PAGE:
The market for merger and acquisition (M&A) transactions is enormous with volume exceeding $5 trillion in 2021. The propensity for M&As to be value destructive has puzzled researchers for many years. Conceptually, two firms should merge when their combination adds value to shareholders but scholars also attribute M&A activity to managerial self-serving incentives.
Prior empirical studies focus on the economic effects around the initial M&A plan announcement. Our understanding of how firms actively manage their media coverage is scant even though M&A press releases are known to be fundamentally important to avoid a negative market reaction.
What is not known is whether the choice of words in M&A PR conveys additional information about the fundamentals of the proposed deals for acquirer and target firms or if the narrative disclosures may lose utility or obfuscate issues with writing styles that are confusing, distracting or perplexing to readers.
We explore the information content of M&A PRs using short-term cumulative abnormal returns (CAR) and abnormal trading volumes (ATVs) around the M&A press release. We expect managers who are confident that a deal will add value to use clear and simple language to convey their confidence to the market. In contrast, managers who propose deals for self-serving purposes are more likely to use complex wording in an attempt to obfuscate the real reasons for proposing the M&A. Finding that investors react more positively to clearer and positive wording is consistent with this conjecture. However, since M&As are relatively infrequent but have significant economic consequences, the competing hypothesis is they are very closely watched and analyzed, thus leaving little room for textual properties to influence the market reaction. If so, we do not expect the clarity or tone of the PR to have strong pricing implications.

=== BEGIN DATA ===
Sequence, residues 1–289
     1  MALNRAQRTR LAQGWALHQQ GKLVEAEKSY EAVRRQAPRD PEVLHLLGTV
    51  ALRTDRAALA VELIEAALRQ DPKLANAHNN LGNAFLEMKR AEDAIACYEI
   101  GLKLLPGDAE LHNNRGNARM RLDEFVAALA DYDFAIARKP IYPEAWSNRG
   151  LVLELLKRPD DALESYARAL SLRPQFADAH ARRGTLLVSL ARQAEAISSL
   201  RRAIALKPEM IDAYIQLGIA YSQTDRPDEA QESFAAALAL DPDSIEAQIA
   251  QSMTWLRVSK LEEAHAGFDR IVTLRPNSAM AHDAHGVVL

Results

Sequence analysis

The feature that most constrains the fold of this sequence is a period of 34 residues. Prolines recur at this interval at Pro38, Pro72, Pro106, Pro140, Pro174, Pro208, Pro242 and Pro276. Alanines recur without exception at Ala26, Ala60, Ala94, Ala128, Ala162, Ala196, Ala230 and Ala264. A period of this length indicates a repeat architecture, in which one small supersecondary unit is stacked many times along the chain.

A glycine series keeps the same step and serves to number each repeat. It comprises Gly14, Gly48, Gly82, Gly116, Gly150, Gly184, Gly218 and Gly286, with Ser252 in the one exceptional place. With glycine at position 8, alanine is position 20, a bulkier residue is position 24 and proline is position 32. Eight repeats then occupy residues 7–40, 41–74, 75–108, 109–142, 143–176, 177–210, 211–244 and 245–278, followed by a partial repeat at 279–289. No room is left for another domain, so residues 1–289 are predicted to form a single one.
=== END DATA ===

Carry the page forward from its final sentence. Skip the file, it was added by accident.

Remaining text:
Our research aims to evaluate the informativeness of the textual properties of M&A PRs which managers use to convey their beliefs of the merits of proposed combinations. We contribute to the emerging and growing literature that analyzes the information content of the language and text used in financial disclosures.
Meet the Principal Investigator(s) for the project
Professor Kevin McMeeking - Kevin McMeeking is a Professor of Accounting at Brunel University and a Visiting Professor at the University of Exeter. Prior to joining Brunel, Kevin completed his undergraduate degree in Accounting and Financial Analysis at the University of Newcastle upon Tyne, a PhD in Accounting at Lancaster University and researched and taught at the University of Exeter from 1998-2020. His research interests are interdisciplinary in nature and seek to use financial analysis, financial reporting and non financial reporting to secure effective sustainable corporate governance. His teaching specialisms lie in financial accounting - at the undergraduate, postgraduate and executive levels.
Related Research Group(s)
Accounting and Auditing - Investigating current issues in accounting that include financial reporting, assurance, corporate governance, corporate social responsibility and business models in large and small business entities
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Project last modified 11/03/2022